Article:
During the Heian Period (794–1191), Japanese sought to emulate many practices from China, including the social phenomenon of flower viewing (hanami: 花見), where the imperial households, poets, singers and other aristocrats would gather and celebrate under the blossoms. In Japan, cherry trees were planted and cultivated for their beauty, for the adornment of the grounds of the nobility of Kyoto, at least as early as 794.[4]  In China, the ume “plum” tree (actually a species of apricot) was held in highest regard, but by the middle of the ninth century, the cherry blossom had replaced the plum as the favored species in Japan.

Every year the Japanese Meteorological Agency and the public track the sakura zensen (cherry-blossom front) as it moves northward up the archipelago with the approach of warmer weather via nightly forecasts following the weather segment of news programs. The blossoming begins in Okinawa in January and typically reaches Kyoto and Tokyo at the end of March or the beginning of April. It proceeds into areas at the higher altitudes and northward, arriving in Hokkaidō  a few weeks later. Japanese pay close attention to these forecasts and turn out in large numbers at parks, shrines, and temples with family and friends to hold flower-viewing parties. Hanami festivals celebrate the beauty of the cherry blossom and for many are a chance to relax and enjoy the beautiful view. The custom of hanami dates back many centuries in Japan: the eighth-century chronicle Nihon Shoki (日本書紀) records hanami festivals being held as early as the third century CE.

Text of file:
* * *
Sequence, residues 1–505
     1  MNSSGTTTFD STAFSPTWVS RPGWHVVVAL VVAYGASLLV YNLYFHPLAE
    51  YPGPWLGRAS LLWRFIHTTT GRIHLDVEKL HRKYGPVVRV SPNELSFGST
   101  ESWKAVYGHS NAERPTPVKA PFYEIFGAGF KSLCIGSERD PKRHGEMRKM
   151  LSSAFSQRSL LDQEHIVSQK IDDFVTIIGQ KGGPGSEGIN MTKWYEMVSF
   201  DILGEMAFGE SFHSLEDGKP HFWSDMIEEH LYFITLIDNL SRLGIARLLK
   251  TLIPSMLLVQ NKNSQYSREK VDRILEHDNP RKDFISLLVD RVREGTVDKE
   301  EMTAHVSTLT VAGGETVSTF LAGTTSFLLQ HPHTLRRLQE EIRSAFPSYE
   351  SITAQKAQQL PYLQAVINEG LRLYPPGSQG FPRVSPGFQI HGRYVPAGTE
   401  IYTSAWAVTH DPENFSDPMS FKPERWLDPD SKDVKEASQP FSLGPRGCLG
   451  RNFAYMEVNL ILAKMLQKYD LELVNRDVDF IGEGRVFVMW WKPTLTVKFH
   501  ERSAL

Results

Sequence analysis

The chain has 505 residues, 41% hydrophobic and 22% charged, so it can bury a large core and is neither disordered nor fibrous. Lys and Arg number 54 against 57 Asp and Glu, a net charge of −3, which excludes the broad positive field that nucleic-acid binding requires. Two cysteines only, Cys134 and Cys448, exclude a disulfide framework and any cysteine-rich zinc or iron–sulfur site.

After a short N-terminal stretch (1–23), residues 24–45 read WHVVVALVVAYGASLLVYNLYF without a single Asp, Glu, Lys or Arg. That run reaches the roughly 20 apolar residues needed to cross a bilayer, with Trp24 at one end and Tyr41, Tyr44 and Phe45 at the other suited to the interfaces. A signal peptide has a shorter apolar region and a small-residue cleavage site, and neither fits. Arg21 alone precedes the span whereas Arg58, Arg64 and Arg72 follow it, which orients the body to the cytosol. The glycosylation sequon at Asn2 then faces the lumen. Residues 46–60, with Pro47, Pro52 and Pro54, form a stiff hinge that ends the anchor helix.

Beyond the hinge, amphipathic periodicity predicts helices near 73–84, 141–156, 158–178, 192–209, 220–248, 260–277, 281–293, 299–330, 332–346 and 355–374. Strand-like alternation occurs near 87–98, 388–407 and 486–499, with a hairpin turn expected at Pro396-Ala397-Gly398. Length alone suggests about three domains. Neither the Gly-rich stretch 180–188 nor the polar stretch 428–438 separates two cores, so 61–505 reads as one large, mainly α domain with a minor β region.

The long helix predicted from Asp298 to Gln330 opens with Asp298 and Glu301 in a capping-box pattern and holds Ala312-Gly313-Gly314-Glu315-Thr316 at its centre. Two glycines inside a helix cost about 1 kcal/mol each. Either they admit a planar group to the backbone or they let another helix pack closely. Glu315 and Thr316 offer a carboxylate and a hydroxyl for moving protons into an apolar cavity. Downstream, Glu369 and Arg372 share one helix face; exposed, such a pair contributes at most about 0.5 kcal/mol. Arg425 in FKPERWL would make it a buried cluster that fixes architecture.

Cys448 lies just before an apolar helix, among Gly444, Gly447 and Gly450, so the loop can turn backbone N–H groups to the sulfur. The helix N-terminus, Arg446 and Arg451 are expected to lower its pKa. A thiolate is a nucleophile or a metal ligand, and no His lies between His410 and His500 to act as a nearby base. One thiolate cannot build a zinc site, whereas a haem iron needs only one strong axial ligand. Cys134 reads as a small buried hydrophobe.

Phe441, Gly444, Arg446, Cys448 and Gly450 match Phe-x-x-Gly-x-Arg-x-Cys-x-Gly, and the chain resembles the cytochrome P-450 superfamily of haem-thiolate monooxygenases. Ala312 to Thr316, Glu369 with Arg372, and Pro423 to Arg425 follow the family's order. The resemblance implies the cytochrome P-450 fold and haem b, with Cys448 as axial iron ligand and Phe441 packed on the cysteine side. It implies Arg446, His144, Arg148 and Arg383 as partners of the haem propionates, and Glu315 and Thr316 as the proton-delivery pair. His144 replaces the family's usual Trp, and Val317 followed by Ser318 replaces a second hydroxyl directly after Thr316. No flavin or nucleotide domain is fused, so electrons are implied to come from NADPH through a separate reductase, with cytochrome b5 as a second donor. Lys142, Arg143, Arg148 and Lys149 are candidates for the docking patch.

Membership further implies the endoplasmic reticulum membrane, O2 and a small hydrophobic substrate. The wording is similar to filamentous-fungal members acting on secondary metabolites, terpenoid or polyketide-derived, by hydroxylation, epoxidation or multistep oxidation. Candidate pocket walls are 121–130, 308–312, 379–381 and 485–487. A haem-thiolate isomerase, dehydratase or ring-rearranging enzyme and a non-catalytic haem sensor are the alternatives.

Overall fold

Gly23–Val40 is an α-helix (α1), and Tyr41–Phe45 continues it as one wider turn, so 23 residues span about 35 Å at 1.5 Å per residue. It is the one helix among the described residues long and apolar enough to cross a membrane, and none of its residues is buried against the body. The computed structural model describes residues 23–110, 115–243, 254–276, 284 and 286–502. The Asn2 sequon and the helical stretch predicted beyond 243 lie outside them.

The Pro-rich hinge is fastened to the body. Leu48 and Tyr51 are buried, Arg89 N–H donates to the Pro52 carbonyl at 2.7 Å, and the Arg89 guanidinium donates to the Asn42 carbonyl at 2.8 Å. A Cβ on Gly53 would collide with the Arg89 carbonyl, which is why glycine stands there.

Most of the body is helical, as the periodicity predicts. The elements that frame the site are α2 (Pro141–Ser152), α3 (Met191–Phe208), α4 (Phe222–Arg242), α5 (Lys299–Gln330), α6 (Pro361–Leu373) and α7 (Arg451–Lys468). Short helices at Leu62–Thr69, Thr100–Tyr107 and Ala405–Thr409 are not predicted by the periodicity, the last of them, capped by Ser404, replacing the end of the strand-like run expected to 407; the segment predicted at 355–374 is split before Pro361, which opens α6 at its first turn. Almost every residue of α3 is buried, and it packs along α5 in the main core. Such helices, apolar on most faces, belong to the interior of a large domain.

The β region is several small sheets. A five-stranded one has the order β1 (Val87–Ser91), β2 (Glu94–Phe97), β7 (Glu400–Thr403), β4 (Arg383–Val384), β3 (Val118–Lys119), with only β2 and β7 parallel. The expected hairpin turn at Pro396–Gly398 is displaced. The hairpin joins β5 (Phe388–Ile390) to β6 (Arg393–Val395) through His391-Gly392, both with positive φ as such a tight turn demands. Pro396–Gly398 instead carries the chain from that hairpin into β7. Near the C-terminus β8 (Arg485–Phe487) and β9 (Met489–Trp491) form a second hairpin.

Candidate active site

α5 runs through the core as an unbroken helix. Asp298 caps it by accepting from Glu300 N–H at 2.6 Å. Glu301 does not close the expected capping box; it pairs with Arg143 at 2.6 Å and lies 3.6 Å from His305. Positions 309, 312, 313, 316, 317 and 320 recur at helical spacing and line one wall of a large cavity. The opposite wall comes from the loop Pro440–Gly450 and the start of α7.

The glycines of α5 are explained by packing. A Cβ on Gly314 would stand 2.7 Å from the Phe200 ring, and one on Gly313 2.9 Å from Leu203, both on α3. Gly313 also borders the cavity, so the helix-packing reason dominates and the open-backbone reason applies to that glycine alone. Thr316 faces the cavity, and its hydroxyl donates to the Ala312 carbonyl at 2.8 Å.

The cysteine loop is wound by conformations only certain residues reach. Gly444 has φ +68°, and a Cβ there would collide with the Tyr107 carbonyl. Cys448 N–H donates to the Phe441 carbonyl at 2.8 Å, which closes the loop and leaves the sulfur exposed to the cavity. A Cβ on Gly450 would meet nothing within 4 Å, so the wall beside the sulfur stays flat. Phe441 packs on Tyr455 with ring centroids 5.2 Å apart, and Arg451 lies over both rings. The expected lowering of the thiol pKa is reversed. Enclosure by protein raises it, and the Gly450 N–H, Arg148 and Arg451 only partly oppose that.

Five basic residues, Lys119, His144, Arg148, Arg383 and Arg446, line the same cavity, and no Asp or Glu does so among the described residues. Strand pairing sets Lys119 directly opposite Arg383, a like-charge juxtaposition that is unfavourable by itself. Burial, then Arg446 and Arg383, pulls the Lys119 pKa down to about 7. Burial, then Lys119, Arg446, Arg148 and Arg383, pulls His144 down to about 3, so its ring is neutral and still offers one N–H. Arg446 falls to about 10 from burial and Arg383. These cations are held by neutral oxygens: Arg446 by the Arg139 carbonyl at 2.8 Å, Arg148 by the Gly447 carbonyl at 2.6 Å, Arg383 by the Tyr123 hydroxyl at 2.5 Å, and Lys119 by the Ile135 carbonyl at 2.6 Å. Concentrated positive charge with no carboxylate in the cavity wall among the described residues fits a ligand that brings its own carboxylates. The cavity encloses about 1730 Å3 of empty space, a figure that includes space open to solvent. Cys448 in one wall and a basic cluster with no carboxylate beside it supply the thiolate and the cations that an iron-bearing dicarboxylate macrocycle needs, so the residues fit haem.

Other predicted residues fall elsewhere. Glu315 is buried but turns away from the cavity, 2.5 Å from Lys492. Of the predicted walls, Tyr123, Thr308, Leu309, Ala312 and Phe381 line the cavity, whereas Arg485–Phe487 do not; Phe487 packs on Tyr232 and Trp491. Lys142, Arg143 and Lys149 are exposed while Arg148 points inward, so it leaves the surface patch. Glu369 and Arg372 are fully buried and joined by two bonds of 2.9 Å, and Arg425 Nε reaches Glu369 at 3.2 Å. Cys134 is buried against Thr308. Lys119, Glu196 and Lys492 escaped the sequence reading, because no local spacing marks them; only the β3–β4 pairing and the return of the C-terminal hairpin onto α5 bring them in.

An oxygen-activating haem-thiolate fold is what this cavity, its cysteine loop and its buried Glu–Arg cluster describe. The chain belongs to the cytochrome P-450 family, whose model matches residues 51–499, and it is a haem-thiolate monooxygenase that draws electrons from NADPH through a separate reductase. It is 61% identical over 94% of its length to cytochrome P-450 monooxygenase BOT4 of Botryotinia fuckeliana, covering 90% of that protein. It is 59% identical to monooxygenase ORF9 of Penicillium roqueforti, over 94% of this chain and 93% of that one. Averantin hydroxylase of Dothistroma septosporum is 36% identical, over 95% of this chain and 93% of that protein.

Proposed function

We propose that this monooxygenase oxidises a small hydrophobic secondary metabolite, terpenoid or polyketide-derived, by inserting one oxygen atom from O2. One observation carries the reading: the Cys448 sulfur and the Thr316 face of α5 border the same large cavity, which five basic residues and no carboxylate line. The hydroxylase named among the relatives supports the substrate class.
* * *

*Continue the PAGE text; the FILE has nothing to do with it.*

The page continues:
Most Japanese schools and public buildings have cherry blossom trees outside of them. Since the fiscal and school year both begin in April, in many parts of Honshū, the first day of work or school coincides with the cherry blossom season.

(Source: Wikipedia)

Do you like Electronics and Anime? Then going to Akihabara in Japan is the place to be!

Read on some facts about Akihabara by Japan-101.  It pretty much summarizes what Akihabara used to be, what it is now and where you can buy particular items:

Akihabara is also known as Akihabara Electric Town (Akihabara Denki Gai). It is located less than five minutes by rail from Tokyo station, Tokyo, Japan. It is sometimes shortened to Akiba by locals. While there is an official locality named Akihabara nearby, part of Taito-ku, the area known as Akihabara (including the JR railway station of the same name) to most people is actually Soto-Kanda, a part of Chiyoda-ku.

History: Prior to World War II the area has been a bustling overcrowded community. A major blaze which nearly destroyed the region brought about the decision to clear the land in order to keep future fires from approaching the imperial residence. The region was given the name Akihabara (秋葉原 lit: Autumn Leaves Field) during World War II when only autumn leaves were visible.

Modern times: The area is mostly known for its large population of stores selling all kinds of electronic, anime, and adult goods.